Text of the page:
Position: Back Row
|Date Of Birth||30/06/1933 (83)|
|Place Of Birth||Morriston|
|Height||183cm / 6'|
|Weight||95kg / 14st 13lbs|
Born on 30 June 1933, John Faull was a Morriston man and achieved great success both with Wales and the British & Irish Lions. But at St Helen’s he is perhaps best known for an achievement at the very start of his career with Swansea. John had attended and played for Bromsgrove School in Worcestershire and then served his National Service in the Royal Navy. At the start of his Swansea debut season in 1953-54 John had only two games for the club under his belt; against Pontypool where he was played at full-back and against British Police where he was moved to centre, a position he was preferred in for the rest of the season. Both games were at St Helen’s and were lost.
His third outing for the club was in the historic 6 – 6 draw with New Zealand on 12 December 1953 at St Helen’s. He was again selected at centre when Terry Davies had to withdraw, Wyn Bratton moving to full-back. The controversial selection of the 20 year old Faull was more than justified. At six foot three and nearly fifteen stone, he was a handful of a player who would normally be a back row natural, but he possessed speed and had a good kicking game as well as sound tackling. John Faull was put in Swansea’s three-quarter line to disrupt the All Blacks’ game plan and he more than played his part. Early in the first half Swansea were awarded a penalty and skipper Dil Johnson asked Faull to have a go, despite the position being virtually on the half-way line. Swansea and Wales wing Horace Phillips played in the match and later recalled: “I well remember the occasion as I was stood directly behind John as he took the kick. I knew immediately that the kick was successful as there was a distinct singing sound as the boot struck the leather. The ball sailed between the posts. This was followed by two tries by Alan Elsom [New Zealand]. Before half-time Swansea were awarded another penalty in almost the same position as the first. This again was successful and the first half came to an end with the scores ties at six points each. In the second-half Swansea defended their line tenaciously and forced the All Blacks to attempt drop-goals, none of which were successful and the match ended in a draw.”
Two huge penalties from Faull’s ‘siege gun’ boot had helped write another famous chapter in Swansea rugby to add to the 1935 win over the New Zealand tourists. John made 20 appearances at centre for Swansea that season before being moved to a more conventional No8 position the following season. There he remained as an extremely mobile back rower with always the threat of a long range points kicker. John Faull remained a regular first fifteen selection from 1953-54 till 1962-63, playing 211 matches (21 tries, 61 conversions, 57 penalties and 1 drop goal). As a respected senior player John captained the “All Whites” for 1962-63. He added to his New Zealand appearance by completing ‘the set’, playing for Swansea against Australia in 1957 (lost 6 – 12) and South Africa in 1960 (lost 3 – 19).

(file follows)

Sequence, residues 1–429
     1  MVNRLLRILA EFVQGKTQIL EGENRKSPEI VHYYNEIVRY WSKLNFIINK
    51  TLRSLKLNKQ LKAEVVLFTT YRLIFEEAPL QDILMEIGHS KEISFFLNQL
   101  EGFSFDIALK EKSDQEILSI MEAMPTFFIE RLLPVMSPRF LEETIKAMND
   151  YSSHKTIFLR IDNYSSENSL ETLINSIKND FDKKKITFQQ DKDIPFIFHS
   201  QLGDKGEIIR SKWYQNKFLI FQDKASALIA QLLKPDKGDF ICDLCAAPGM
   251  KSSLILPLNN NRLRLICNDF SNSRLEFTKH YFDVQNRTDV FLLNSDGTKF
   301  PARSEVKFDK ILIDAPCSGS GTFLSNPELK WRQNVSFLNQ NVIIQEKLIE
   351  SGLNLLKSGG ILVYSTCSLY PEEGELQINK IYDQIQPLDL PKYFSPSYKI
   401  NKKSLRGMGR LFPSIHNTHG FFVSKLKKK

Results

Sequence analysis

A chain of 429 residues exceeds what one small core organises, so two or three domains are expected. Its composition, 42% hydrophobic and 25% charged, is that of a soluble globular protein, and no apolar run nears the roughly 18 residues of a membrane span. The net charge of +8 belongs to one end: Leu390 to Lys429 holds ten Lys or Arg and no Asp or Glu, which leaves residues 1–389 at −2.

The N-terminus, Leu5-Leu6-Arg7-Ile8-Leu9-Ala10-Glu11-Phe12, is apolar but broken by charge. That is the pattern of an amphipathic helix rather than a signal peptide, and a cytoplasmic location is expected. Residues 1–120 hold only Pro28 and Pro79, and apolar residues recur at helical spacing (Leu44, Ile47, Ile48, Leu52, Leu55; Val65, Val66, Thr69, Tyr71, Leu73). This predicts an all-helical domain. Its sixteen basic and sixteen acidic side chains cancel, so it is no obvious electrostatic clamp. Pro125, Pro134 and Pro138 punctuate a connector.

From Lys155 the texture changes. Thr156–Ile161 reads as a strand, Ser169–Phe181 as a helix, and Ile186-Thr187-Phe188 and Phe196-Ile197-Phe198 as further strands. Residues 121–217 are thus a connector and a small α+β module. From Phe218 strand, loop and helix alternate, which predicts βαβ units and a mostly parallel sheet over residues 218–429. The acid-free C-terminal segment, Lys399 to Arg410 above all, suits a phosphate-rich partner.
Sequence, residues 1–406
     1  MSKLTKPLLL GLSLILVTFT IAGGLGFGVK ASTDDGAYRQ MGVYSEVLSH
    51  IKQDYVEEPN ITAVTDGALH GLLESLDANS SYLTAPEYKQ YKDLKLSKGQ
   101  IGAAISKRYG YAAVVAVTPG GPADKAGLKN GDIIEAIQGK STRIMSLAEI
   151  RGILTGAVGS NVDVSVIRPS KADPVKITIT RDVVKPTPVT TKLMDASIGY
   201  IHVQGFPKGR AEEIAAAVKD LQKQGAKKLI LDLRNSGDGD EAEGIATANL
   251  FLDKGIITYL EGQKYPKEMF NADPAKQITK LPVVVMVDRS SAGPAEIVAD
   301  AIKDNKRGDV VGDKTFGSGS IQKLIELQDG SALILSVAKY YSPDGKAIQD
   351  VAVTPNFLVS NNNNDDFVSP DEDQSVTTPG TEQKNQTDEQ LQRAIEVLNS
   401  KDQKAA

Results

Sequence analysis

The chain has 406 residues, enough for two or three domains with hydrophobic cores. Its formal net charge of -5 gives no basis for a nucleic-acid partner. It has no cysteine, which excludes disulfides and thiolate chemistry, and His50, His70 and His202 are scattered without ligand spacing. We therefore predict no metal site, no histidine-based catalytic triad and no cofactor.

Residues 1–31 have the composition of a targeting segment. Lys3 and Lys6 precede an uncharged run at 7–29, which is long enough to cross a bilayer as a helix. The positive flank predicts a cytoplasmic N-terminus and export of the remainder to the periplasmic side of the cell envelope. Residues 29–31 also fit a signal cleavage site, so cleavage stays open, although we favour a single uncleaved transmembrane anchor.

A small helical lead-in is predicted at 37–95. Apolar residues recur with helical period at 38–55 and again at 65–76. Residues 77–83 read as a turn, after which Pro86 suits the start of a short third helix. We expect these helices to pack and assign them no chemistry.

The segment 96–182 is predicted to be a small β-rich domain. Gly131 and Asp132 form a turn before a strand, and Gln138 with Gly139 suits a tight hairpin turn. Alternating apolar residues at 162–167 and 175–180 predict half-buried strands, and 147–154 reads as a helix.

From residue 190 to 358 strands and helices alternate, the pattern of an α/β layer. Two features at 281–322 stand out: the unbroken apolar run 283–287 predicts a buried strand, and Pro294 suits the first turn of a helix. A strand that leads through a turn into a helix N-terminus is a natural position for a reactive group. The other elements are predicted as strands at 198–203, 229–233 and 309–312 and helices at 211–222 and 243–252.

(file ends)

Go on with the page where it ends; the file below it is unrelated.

John Faull’s international career took off in 1957 when he won the first of 12 Welsh caps in the Cardiff mud against Ireland. It was a game Wales won 6 – 5 but had to change jerseys at half-time as no one could be identified for the mud clinging to them. John played against Ireland again in 1958 and 1959; France in 1957, 1958 and 1959; Australia in 1958; Scotland in 1958 and 1959 and England in 1958, 1959, and 1960.
Faull’s consistent selection for Wales - he missed just one of the nine Welsh games after his Ireland debut - saw his inclusion in the 1959 British & Irish tour to Australia and New Zealand. He played in the first test against Australia and three of the four Tests in New Zealand including the final Test where the ‘Lions’ won 9 - 6, making 20 appearances all together on the tour. His selection was well justified and his style of play well suited to the southern hemisphere game, where he turned out at No8 and was utilised as a goal kicker, scoring 60 points on the tour, including a brace of tries in the opening game against New South Wales.
John also was selected for Barbarian teams three times, including an 11 – 6 win over Australia in 1958, the third time he lined up against that touring side and second win! He played in the Welsh side against an International XV in Cardiff in the Empire games to raise money for the Commonwealth Games in 1958. He also had the honour of playing for the England/Wales team against Scotland/Ireland in the Twickenham Jubilee match in 1959. Both those jerseys remain on display at St Helen’s, along with his ‘Lions’ jersey from 1959, a testament to a great all round player.
John Faull worked in the steel industry, becoming a company director. His father Wilfred Faull had been an international referee in two matches in 1936. John was a long-time member of the All Whites Former Players’ Association and had attended their Annual Dinners but had been ill for some time before his passing on 21 June 2017.
Click on a season for a match by match breakdown.
|British and Irish Lions||4||2||0||2||0||1||1||0||5|